From the Archives: Giving Art History the Slip

View of the exhibition "Coenties Slip," 1993, at Pace Gallery, New York. Courtesy Pace Gallery. 


During the 1950s and ’60s, artists such as Agnes Martin, Ellsworth Kelly, Lenore Tawney, and Robert Indiana claimed low-rent lofts along a shoreline on the southern tip of Manhattan as studio spaces. On April 14, Houston’s Menil Collection opens the exhibition “Between Land and Sea: Artists of the Coenties Slip” (through August 14). We looked in our archives for this 1974 article in which Stephanie Barron recounts the friendships and artistic practices that flourished on this stretch of New York City waterfront. “In a spirit of generous communalism,” she writes, “they engaged in active and continuing dialogues about ideas, methods and materials—apparently to the benefit of all.” We present the article in full below. —Eds.


Located at the southern tip of Manhattan in the midst of what once was a busy section of the waterfront, Coenties Slip became the home of an important group of painters, sculptors, designers and performers during the 1950s and ‘60s. Those who lived there at some point between 1954 and 1965 (after which most of the buildings were razed), and whose presence contributed to this artistic community, included Charles Hinman, Robert Indiana, Ellsworth Kelly, Agnes Martin, Fred Mitchell, James Rosenquist, Delphine Seyrig, Lenore Tawney, Jesse Wilkinson, Ann Wilson, Jack Youngerman and Athos Zacharias. The artists who gathered at the Slip were drawn by its low rents, spacious lofts and river view, as well as––not least––because it was an area entirely dissociated from the locales of Abstract Expressionism, which reigned, with somewhat oppressive exclusivity, further uptown.

This particular area of New York’s waterfront has had a long and varied history. Publicly established in 1699, Coenties Slip was originally a body of water that projected inland as far as Front Street; it served as landing for ships. During the 19th century, the neighborhood of the Slip was the site of warehouses, gas works and ship-chandler shops, relics of which came to figure in the art of a different generation of inhabitants, a century later. By the 1880s the Slip had been filled in, but, though it was no longer actively involved in shipping, its buildings retained a seagoing flavor. American artists of the early 20th century discovered lower Manhattan as a subject for their work, and representations of Coenties Slip in that period can be found in paintings and lithographs by Glen O. Coleman. More modern artists like Stuart Davis also painted the area; Davis’ House and Street, 1931 (Whitney Museum), suggests it much less specifically than Coleman.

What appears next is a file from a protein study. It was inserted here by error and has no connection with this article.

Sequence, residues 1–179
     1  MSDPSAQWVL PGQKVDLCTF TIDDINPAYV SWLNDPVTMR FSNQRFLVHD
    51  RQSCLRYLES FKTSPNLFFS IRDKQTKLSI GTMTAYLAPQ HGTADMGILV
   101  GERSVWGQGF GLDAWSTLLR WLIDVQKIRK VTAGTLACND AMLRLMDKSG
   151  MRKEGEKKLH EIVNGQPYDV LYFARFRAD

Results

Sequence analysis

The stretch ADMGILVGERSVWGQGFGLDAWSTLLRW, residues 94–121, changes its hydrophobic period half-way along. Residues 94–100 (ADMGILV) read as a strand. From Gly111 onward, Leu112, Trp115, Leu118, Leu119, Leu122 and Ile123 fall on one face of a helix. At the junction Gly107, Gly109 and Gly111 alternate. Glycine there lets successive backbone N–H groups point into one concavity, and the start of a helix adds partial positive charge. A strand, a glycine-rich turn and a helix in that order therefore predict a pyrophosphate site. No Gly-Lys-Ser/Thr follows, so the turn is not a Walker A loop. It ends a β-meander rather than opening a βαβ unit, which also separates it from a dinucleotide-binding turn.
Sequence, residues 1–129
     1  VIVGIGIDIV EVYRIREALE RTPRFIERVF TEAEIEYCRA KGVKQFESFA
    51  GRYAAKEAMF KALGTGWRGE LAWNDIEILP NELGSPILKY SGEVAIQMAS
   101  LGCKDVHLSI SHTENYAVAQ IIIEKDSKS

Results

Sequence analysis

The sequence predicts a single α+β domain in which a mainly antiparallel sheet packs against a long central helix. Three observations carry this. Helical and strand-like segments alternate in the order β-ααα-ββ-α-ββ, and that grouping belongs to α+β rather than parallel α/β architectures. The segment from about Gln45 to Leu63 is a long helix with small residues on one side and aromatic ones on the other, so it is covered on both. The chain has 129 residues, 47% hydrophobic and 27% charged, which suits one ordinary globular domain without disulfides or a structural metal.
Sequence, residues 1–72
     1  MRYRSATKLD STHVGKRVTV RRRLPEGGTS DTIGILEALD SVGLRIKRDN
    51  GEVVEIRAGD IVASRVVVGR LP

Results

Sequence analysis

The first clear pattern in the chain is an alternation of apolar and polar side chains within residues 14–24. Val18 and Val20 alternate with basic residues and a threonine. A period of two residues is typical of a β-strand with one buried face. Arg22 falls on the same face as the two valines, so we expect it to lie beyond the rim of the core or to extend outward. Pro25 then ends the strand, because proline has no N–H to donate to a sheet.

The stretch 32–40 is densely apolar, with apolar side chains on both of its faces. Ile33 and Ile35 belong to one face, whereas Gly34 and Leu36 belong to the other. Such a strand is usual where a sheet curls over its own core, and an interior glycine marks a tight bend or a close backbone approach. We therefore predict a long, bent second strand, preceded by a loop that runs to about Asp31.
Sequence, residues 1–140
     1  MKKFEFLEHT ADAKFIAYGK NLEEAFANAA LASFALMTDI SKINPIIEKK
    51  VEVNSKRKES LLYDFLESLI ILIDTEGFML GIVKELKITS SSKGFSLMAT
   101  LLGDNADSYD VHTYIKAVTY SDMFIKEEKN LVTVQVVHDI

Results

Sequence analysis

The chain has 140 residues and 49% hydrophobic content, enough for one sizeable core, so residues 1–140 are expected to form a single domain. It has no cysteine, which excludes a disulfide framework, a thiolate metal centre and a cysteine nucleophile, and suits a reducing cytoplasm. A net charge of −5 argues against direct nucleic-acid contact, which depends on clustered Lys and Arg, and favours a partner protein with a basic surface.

None of that artists who rediscovered Coenties Slip in the mid-1950s was native to New York City. Fred Mitchell, a Mississippian, was the first to arrive, after spending three years in Rome. Settling at 26 Water Street in 1951, he soon moved to 128 Front Street, where he fell in love with the view of the East River and the Brooklyn Bridge. By 1954 Mitchell had found a loft at 31 Coenties Slip, and became the first of the group to live on the Slip. In the same year Ellsworth Kelly returned from seven years in Paris, and went to see Mitchell, his only friend in Manhattan. Kelly decided to settle downtown, as well. In August 1954, he found a loft around the corner from the Slip, on Broad Street. He lived there until 1956, when he moved to 3-5 Coenties Slip. There he was visited by Robert Indiana (whom he had met while Indiana was working at an art-supply store on Fifth-Seventh Street). Indiana soon left his Tenth Street studio and moved to the Slip, to number 31. In 1956, too, Jack Youngerman returned to America from Paris. He visited Kelly, who had been a close friend in France. The next year Youngerman also moved to the waterfront, to 27 Coenties Slip, with his wife Delphine Seyrig, the French actress, and their son Duncan. And in 1957 Agnes Martin came back to New York from New Mexico; she was taken to see Kelly and Youngerman by Betty Parsons, who showed all three artists in her gallery. Martin settled at the Slip the same year, at number 27, later moving to 3-5. In 1960, James Rosenquist, a friend of Indiana’s from the art-supply store days, had finally saved enough money from billboard jobs to devote a year to his own painting. Rosenquist took over a loft formerly Martin’s at 3-5. Charles Hinman also came to the Slip in 1960 through his friendship with Rosenquist, whose loft he shared.

Not only were these artists drawn together through their ideas and their appreciation of the Slip area, but also through a continuous struggle to live there. Most of the lifts did not have hot water, heat or kitchens, and it was the Seamen’s Institute, then located on the Slip, that provided a much-needed cafeteria and warm showers. Moreover, from the beginning, the artists were plagued by legal disputes over zoning codes. There were incessant letter-writing campaigns and court appearances, all part of the effort to preserve the small waterfront neighborhood, already threatened and finally doomed by commercial expansion.